Freedom to believe in something
that you cannot understand
Freedom to cradle a pistol
in the palm of your hand
The crisply melodic rise and fall of Isabel’s Daughter restores a positive outlook and a lively pace, while gritty guitar and soft harmonies contrast in Devil Is In Her Eyes, with an added edge from a wail of harmonica. The title of Comeback Kids could almost be autobiographical, as Louris channels Wilco’s roots/electronic approach, taking the band in another new direction that’s slightly gritty, and very catchy
If it’s grit you enjoy, though, Ace presents something altogether more adventurous. Completely at odds with the album’s melodic offerings, Ace takes a different approach in a deep, rumbling roadhouse jam of a track, veering off into unstructured experimental guitar, and keyboards that meander manically in and out of two-chord pop. It’s rewarding nonetheless, partly for its sense of adventure and partly because it does challenge; it discourages any complacency in the more accessible tracks.
Rocking out in a more familiar mode, Lies in Black & White takes a bitter swipe at mass media…
You’re labouring in the vacuum
I never felt at ease with you in the room
You’re still squeezing the very last drop of juice
from the rotting fruit
While all you spew are lies, lies in black and white.
Taking on a more conventional route to the finish by way of a love song, I’ll Be Your Key closes the album on a plaintive, melancholy note. The song offers an uncluttered opening of vocal and acoustic guitar, augmented by Perlman’s assured bass. Fresh and open throughout, light keyboards and electric guitar add to the sound and bring the album to a dreamy close.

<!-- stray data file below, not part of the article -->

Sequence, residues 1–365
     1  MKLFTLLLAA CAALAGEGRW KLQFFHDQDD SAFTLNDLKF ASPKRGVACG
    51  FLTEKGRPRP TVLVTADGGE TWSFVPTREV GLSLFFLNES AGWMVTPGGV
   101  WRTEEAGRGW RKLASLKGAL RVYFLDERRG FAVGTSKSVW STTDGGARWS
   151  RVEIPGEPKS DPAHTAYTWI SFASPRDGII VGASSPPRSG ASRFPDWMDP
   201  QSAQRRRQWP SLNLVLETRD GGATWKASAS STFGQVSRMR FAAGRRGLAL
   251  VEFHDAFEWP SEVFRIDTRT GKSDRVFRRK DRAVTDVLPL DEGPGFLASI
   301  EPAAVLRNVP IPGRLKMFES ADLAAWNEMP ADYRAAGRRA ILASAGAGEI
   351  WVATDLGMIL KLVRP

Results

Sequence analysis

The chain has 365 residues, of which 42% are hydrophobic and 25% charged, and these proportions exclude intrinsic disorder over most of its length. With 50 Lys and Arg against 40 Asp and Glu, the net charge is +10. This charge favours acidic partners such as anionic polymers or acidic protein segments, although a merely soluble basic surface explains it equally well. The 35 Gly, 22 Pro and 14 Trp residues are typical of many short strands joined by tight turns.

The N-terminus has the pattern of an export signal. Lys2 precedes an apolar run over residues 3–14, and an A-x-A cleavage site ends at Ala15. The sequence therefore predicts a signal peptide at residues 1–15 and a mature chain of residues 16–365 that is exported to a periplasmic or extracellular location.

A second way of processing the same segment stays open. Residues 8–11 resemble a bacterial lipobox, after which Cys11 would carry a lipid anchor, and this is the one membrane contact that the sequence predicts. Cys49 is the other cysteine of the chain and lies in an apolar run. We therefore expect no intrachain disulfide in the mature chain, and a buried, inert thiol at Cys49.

There’s always been more to The Jayhawks than country rock. In Paging Mr Proust, this is stated far more emphatically than ever. Following Olson’s departure in the late 1980’s Louris guided the band through the commercialism of the 90’s with a steady supply of worthy material that, while not gaining much in the way of chart success, set them on the road to the established reputation they enjoy now.
In their latest return to form, The Jayhawks perform songs that can enliven and inspire, but are still complex, and often full of conflicts; especially where the darker tone of the subject fights against the positive spirit of the beat or the harmonious chorus. At these times the listener has the freedom to take the song at face value and allow the melody to wash over them. They can also embrace the dusk, knowing the melody’s there to lift them up again.
There’s no shortage of light in Paging Mr Proust, it’s uplifting and adventurous; an album that provides all the Jayhawks elements that keep the fans hoping for another album, yet still managing to strike forth into new territory. It isn’t simply good to see them back – it’s better than ever to see them back.
Paging Mr Poust is Out Now via on Thirty Tigers/Sham
The Jayhawks UK Tour Dates
The Jayhawks are touring the UK in September 2016 with Ethan Johns*.
SEP 1 THU – Arts School, Glasgow*
SEP 2 FRI – Brudenell Social Club, Leeds, SOLD OUT*
SEP 3 SAT – The Lantern @ Colston Hall, Bristol*
SEP 4 SUN – Moseley Folk Festival, Moseley
SEP 6 TUE – Islington Assembly Hall, London*
SEP 7 WED – Islington Assembly Hall, London*
For all tour dates and ticket links visit: www.jayhawksofficial.com